In a recent fact-finding survey, we carried out, 29% of our customers said they had a small garden. This got us thinking about the different needs of a small garden compared to those of a mid-sized or large space.
The benefits of a small garden are of course that they require less maintenance and therefore more time to spend relaxing or entertaining.
Here are some things to consider if you have a smaller space to work with.
1. Start with function: Be clear about what you need to include in the space before being distracted by what you want.
2. Choose an overall style: This can be led by the interior or exterior style of the property, the location, or the types of plants that will thrive best in that aspect.
3. Garden room: Consider the garden an extension of the house. Another room if you like. Explore ways of physically and visually connecting them using similar materials inside and out.
4. Create privacy: No one likes to feel overlooked so use trees, hedges, pergolas, sails etc to hide unwanted views and feel more intimate.
5. Be bold and compartmentalise: Keep the layout bold and simple, not busy and cluttered. Consider creating areas that are hidden from your key viewpoints. Not being able to see everything at once makes the garden feel bigger rather than smaller.
6. Angle paving and vary texture: Angling paving at 45 degrees to the house often alters your direction of view and often creates the illusion of a larger space. Subtle changes in paving texture add interest without impacting on the feeling of space.
7. Add trees: Trees (especially those with a clear stem) take up little space but screen unwanted views, offer privacy and seasonal interest and bring the natural sights and sounds into the garden (see below).
8. Use the verticals: Green up fences and walls to create a natural courtyard rather than manmade box.
9. Choose foliage over flower: Evergreens will deliver all year and are a great foil for flowers that only appear for a season.
10. Create a living space: Gardens are living things. Encourage wildlife into the garden to help feel part of nature and improve the environment. Insects and birds can thrive in the smallest spaces and bring real joy.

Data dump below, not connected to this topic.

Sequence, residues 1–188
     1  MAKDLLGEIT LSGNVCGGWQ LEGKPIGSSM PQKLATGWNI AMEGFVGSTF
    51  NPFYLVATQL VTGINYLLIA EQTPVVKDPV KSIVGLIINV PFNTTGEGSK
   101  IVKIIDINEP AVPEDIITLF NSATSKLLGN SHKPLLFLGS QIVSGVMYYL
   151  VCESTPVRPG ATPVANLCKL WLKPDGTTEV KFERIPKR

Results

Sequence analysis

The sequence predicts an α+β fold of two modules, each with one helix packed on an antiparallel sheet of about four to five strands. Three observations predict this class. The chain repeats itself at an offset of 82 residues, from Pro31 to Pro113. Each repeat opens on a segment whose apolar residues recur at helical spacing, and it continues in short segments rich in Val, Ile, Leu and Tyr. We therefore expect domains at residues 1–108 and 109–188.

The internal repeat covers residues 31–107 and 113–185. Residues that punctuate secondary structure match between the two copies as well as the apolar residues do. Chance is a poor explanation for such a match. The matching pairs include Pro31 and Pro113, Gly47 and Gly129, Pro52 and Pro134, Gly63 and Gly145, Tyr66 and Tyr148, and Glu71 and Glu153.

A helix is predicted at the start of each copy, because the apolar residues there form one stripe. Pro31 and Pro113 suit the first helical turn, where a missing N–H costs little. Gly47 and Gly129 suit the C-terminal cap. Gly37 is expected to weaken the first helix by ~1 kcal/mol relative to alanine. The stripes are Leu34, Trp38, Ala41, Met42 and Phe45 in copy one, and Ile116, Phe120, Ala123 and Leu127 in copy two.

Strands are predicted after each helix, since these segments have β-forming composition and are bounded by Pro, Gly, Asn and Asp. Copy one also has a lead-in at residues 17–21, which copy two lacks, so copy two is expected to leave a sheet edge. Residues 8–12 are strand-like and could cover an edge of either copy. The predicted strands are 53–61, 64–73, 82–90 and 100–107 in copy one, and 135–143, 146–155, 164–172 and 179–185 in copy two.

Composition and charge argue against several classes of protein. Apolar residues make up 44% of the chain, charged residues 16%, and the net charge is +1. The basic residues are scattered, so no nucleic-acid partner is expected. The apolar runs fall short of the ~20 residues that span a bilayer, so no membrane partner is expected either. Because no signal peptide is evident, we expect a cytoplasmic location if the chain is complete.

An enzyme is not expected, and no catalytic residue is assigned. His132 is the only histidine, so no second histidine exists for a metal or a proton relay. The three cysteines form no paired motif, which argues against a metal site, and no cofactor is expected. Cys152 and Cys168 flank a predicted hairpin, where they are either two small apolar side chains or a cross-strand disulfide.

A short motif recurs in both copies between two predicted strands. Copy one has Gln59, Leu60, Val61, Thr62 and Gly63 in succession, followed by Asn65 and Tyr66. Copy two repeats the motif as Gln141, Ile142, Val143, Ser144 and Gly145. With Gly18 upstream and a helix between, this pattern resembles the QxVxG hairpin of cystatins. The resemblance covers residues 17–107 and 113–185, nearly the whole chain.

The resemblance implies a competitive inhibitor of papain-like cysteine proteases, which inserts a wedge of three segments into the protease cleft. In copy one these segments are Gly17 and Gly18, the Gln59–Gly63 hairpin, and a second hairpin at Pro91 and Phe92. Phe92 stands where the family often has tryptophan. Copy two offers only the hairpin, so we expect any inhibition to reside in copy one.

11. Invest in furniture: Stylish furniture that helps you relax is timeless and can be taken with you when you move.
12. Keeps colour palettes simple: Use different shades of just a few colours and compliment with greens to create a harmonious and tranquil effect.
13. Use sound, movement and light: Moving water is a create way to concentrate your attention on the space and away from outside distraction. Lights add drama and bring views into the house at night.
14. Borrow views: Consider the view beyond the garden. Introducing elements of it within your own garden , help to blur the sense of boundary and can make it feel integral to that view.
In a smaller area, flow from the house through to the garden is essential.
Which plants to use?
Go big! Don’t be afraid of using big plants in a small space. Committing to one or two larger specimens will really transform the space. If you only stick to small plants in a small garden, the result will have a bitty, disjointed feel with no impact. Big plants will break up the area and create drama rather than having lines of narrow bedding. Remember to keep it simple, choose a colour palette or theme and stick to it. Repeated plants will bring the garden together.
• Structural – Architectural plants in a garden add height, structure, and drama and are particularly effective in smaller gardens for creating atmosphere.
• Drought tolerant – A good way to create a low-maintenance but visually pleasing garden is by introducing drought-tolerant plants. These plants look great set in gravel which helps keep the moisture in and the weeds down, saving more time.
• Shade tolerant
• Height but not width & depth
• Plants to suit the conditions, sunny areas etc
• Instant screening
Things to avoid
• Plants that consume too much width – think up rather than outward
• Over complicating with different themes
• Multiple materials – try to stick to one element, such a brick or wood
• Clutter – one main feature such as a water feature is enough
• Keep focal points in proportion; don’t overwhelm the garden